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26.10.04

Upcoming Concerts

Washington is not a cultural Mecca, but it ain't half-bad, either—if you make use of some of its finer offerings. A mix between the big and the small, "events" and intimate gatherings, expensive and free concerts can give you at least as much music and culture as you could possibly enjoy.

One of the most interesting programs I have ever seen will sadly coincide with tomorrow's performance of Maurizio Pollini, and thus I cannot go. (When the gods call, you heed the call... there's no 'not-seeing' Pollini.) It is held by the Istituto Italiano di Cultura, by far the most daring and imaginative cultural programmers out there... the only ones not yet daunted by Washington's overwhelming cultural conservatism when it comes to music and art. Under the title From Chance to Hyper-Determination, they will offer a short panel discussion on chance and order with professors Marcello Buiatti (Professor of Genetics, University of Florence) and Fabrizio Luccio (Professor of Computer Science, University of Pisa) followed by a piano recital of aleatory music.

Emanuele Arciuli is a reputable interpreter of contemporary (and Baroque) music and will dish out modern delicacies like the Morton Feldman Intermission VI, Karlheinz Stockhausen's Aus den Sieben Tagen, John Adams's Phrygian Gates, and a piece by Alessandro Sbordoni (unknown to me) that was comissioned by the Italian Embassy in Washington and will receive its world premiere. (Unfortunately, I forgot the name of it.) To attend this concert (with following reception) on Wednesday, October 27, 6:30 PM, call (202) 223 9800, ext. 1. The Italian Embassy is at 3000 Whitehaven Street N.W., right off Massachusetts Avenue, 15 walking minutes from Dupont Circle.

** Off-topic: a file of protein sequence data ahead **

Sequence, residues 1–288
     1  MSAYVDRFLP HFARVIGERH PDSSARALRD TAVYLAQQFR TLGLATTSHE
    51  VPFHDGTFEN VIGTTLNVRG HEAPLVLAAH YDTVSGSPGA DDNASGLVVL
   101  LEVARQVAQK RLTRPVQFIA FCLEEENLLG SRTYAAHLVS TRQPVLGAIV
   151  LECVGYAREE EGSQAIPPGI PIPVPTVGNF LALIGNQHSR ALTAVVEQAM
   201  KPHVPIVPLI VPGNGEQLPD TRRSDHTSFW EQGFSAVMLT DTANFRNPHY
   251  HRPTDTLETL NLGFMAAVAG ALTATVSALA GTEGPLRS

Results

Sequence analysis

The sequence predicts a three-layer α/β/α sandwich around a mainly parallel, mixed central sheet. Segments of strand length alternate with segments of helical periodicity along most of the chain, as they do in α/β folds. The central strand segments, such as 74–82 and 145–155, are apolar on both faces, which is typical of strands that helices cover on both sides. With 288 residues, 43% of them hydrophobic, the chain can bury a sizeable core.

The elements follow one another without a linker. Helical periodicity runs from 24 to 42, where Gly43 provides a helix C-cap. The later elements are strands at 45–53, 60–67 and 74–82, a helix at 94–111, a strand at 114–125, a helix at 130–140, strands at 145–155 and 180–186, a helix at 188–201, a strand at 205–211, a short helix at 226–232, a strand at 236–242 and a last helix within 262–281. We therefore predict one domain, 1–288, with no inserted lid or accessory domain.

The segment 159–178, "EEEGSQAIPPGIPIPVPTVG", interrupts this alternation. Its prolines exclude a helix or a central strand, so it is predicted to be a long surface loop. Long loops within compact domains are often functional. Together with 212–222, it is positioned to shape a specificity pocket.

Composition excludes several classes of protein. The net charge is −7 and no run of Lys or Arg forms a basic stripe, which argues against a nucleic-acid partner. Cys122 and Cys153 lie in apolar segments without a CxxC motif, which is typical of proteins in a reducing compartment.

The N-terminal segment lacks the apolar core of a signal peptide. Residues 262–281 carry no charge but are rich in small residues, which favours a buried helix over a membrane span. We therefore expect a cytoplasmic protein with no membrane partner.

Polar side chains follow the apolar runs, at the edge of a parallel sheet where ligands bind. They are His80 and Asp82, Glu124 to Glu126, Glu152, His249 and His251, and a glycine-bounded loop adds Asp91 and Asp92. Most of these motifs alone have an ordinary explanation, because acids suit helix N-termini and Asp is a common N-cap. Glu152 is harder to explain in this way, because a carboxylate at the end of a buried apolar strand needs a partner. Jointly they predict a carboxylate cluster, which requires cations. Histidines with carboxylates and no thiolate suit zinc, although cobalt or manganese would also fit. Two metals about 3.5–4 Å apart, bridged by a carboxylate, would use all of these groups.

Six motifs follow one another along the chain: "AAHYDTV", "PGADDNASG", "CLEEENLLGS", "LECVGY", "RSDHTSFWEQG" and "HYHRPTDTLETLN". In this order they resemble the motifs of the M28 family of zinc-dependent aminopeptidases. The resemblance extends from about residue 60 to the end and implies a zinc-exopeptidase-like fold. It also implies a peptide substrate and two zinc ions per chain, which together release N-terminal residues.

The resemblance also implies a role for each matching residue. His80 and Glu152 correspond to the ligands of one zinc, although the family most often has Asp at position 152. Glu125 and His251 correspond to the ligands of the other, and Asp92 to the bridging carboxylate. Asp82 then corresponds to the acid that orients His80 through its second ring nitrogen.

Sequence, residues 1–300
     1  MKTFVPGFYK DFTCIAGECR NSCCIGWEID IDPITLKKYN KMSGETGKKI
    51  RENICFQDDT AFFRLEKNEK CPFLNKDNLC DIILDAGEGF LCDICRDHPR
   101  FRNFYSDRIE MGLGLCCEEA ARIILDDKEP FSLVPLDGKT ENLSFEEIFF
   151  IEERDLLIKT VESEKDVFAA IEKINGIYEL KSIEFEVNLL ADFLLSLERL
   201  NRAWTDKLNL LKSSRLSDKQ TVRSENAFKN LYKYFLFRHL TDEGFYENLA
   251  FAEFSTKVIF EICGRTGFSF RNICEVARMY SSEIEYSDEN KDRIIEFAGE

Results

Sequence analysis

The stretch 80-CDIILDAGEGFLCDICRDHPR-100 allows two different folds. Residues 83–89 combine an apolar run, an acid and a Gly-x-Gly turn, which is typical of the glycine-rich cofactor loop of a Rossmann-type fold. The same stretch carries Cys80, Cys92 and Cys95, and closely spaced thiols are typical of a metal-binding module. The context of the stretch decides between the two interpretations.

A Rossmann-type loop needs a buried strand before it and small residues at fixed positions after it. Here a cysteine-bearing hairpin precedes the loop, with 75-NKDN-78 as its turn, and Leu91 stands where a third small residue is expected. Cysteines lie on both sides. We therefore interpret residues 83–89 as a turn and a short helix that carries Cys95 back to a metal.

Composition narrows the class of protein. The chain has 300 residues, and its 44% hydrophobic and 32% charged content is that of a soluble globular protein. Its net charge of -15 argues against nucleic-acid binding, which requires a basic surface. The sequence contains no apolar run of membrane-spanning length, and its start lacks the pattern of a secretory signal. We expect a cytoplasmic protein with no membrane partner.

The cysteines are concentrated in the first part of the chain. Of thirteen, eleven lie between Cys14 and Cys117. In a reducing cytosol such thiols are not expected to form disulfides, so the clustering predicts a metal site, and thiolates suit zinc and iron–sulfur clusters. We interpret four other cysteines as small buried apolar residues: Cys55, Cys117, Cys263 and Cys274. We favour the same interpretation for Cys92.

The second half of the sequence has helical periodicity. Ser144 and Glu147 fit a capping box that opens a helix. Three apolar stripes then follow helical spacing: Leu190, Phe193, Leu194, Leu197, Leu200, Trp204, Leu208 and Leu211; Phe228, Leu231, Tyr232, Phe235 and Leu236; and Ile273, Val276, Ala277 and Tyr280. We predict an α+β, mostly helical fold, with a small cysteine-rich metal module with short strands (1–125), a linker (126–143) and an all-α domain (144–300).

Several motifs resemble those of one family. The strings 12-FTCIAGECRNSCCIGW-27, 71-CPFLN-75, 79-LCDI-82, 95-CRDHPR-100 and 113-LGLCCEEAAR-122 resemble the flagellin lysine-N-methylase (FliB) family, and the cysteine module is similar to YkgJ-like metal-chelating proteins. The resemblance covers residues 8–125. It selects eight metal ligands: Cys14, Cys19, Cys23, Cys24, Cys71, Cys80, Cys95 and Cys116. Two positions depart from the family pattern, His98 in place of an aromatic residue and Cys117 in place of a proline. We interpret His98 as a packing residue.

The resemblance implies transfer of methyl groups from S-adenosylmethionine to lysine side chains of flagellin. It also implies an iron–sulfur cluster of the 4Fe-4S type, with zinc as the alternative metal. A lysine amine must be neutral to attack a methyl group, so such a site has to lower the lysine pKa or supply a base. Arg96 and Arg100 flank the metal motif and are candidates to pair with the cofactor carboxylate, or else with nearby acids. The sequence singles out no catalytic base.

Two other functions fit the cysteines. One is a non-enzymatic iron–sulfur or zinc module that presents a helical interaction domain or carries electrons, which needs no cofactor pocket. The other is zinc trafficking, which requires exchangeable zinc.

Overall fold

The Embassy Series will feature the delightful, Anne Schein-tutored Mendelssohn Piano Trio at the Austrian Embassy (3524 International Court, N.W., 10 walking minutes from the UDC-Metro Station) this Friday, the 29th at 8:00 PM. Apart from the Schubert B-flat, they will also play a Korngold and Goldmark trio—neglected Viennese marvels in their own right. The receptions at the Austrian Embassy usually include little home- and staff-made treats... the last time I got sick, I ate so many Hildabrötchen.

Ivo Pogorelich (a fallen hero rising?) will show his always unique talent at the George Mason Univsersity this Sunday, October 31, at 4:00 PM. Beethoven's Sonata in D Minor, op. 31/2 ("Der Sturm"), the Sonata in E Minor, op. 90, and Rondo a cappriccio in G Major, op. 129; Sibelius's tone poem Valse Triste, op. 44/2, and Rachmaninoff's Moments Musicaux are on the menu. (For more information, click here.)

The Trio Solisti will perform on November 2, at the Kennedy Center's Terrace Theater (given to the American people by the people of Japan—as the entire Kennedy Center seems to have been cobbled up of gifts from other countries... Italian marble, hideous Austrian chandeliers, etc.) by the Washington Performing Arts Society. (Tickets available here.) The ladies look sexy, which is of course enough to satisfy this shallow reviewer, and I desperately want to hear Pulitzer Prize winner Paul Moravec's Mood Swings. Throw in the Brahms Trio in B Major, op. 8, and the Ravel Trio and it should be a fine night.

I love Duparc's songs, and François Le Roux will do a few at La Maison Française on Wednesday, November 3, 8:00 PM. (Call the Duparc-lover hotline at (202) 944 6091 for reservations.) If you hated it, get drunk at the wine reception that follows.

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